She’s also a Director on the Haida Gwaii Rollergirls Board, member of the Razor Clams Roller Derby Team, a volunteer firefighter and licensed paramedic with the Skidegate Fire Department, and a radio show host with the Haida Gwaii Radio Society.
Jaad Gudghiljiwah Michaela McGuire
Community Research Assistant
Through a Social Sciences and Humanities Research Council (SSHRC) grant partnership between HGI and Dr. Daniel McCarthy at the University of Waterloo, Jaad Gudghiljiwah Michaela McGuire assists HGI in coordinating research initiatives. Michaela recently completed her master’s degree in Criminology from Simon Fraser University (SFU) having defended her thesis titled: Decolonizing Justice: The formation of a Haida Justice System in May of 2020. She plans to continue her academic pursuits by pursuing a Ph.D. at SFU in the Fall of 2020.
Michaela’s ancestry is Haida, Ojibwe, British, and Irish, she considers herself a Haida citizen first and foremost. She grew up in Burnaby visiting Haida Gwaii every summer and has lived on Haida Gwaii off and on since her early 20’s. Michaela’s research interests include Haida justice, decolonization, Haida Identity, Indigenous rights and sovereignty, self-governance, Indigenous women, and corrections. In her role as Community Research Assistant, she combines her passion for research with her love of all things Haida Gwaii.
Michaela is proud to spend the majority of her time walking amongst the same forests and beaches her ancestors did while, simultaneously being herded by her dog Milo. When not working Michaela enjoys hiking, exploring Haida Gwaii, writing poetry, and pretending to know how to garden.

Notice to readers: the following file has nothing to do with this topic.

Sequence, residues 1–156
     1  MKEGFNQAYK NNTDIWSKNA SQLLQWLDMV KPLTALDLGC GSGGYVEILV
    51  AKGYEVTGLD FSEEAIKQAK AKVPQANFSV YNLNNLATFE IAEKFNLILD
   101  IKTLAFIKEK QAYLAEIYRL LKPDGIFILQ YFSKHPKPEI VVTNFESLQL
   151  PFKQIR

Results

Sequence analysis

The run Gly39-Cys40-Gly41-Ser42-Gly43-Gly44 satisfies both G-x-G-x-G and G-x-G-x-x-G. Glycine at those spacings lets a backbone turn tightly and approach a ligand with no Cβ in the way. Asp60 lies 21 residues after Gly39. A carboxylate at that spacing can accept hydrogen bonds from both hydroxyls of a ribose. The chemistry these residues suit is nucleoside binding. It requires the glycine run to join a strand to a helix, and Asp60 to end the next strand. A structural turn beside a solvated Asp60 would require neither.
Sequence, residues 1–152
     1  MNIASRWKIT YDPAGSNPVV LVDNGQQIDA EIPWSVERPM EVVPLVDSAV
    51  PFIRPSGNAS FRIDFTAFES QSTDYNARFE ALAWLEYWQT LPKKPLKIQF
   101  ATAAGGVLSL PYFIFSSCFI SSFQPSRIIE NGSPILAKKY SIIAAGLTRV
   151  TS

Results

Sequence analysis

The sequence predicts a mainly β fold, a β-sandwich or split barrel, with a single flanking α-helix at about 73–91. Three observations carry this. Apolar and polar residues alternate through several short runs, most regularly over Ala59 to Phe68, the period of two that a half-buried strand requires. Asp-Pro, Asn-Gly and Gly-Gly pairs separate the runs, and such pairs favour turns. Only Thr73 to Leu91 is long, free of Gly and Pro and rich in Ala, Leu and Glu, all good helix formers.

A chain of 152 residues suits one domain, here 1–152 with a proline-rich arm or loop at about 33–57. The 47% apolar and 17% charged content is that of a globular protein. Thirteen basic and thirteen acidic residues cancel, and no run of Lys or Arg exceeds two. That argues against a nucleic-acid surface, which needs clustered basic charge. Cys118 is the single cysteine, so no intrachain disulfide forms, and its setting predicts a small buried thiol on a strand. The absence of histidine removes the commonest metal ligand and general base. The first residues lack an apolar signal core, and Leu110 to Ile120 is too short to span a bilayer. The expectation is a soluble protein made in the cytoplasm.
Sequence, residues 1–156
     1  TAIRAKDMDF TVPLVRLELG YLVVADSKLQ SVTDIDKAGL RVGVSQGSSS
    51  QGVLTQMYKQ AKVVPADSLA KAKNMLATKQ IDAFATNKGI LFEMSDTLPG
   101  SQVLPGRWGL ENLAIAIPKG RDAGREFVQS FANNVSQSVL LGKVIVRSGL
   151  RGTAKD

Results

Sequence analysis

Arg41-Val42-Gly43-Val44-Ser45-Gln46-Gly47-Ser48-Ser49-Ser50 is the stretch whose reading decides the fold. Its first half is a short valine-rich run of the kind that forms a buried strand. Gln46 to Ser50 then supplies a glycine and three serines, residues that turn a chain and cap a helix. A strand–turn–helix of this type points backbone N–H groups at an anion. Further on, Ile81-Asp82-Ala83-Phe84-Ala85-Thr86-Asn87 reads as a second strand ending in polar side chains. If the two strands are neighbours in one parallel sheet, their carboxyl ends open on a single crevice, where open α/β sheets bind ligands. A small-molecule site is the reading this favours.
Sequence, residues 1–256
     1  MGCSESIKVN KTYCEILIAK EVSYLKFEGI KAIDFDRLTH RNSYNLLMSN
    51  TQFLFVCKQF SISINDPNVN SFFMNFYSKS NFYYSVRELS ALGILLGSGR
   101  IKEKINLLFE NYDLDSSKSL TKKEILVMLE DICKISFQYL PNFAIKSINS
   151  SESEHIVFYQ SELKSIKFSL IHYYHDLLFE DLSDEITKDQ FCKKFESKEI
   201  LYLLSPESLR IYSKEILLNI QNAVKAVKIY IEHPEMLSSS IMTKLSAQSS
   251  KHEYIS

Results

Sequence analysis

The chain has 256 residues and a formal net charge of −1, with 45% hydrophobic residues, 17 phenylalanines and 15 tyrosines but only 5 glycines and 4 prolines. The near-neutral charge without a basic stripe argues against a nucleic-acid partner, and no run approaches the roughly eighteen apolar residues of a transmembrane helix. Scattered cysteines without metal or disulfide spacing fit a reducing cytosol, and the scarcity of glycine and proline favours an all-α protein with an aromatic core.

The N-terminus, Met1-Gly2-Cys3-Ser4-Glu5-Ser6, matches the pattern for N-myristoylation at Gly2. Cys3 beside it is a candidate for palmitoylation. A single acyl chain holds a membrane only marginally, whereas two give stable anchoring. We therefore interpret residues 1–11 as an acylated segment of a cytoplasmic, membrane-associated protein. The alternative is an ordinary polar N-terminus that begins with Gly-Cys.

Nang Ḵ'uulas Patrick Shannon
Patrick is a First Nations professional creative and social entrepreneur from Haida Gwaii, raised by his Haida elders he endeavours to keep storytelling alive through today's modern art forms. He travels the country empowering neighbouring aboriginal communities in using technology and media, to not only address and heal social issues, but to start forging new cultural identities in the modern world.
Originally from HlG̱aagilda (Skidegate), after a decade of working in several creative industries throughout Vancouver, BC, Patrick returned home to Haida Gwaii to reconnect with his community and culture, and to help develop new media industries.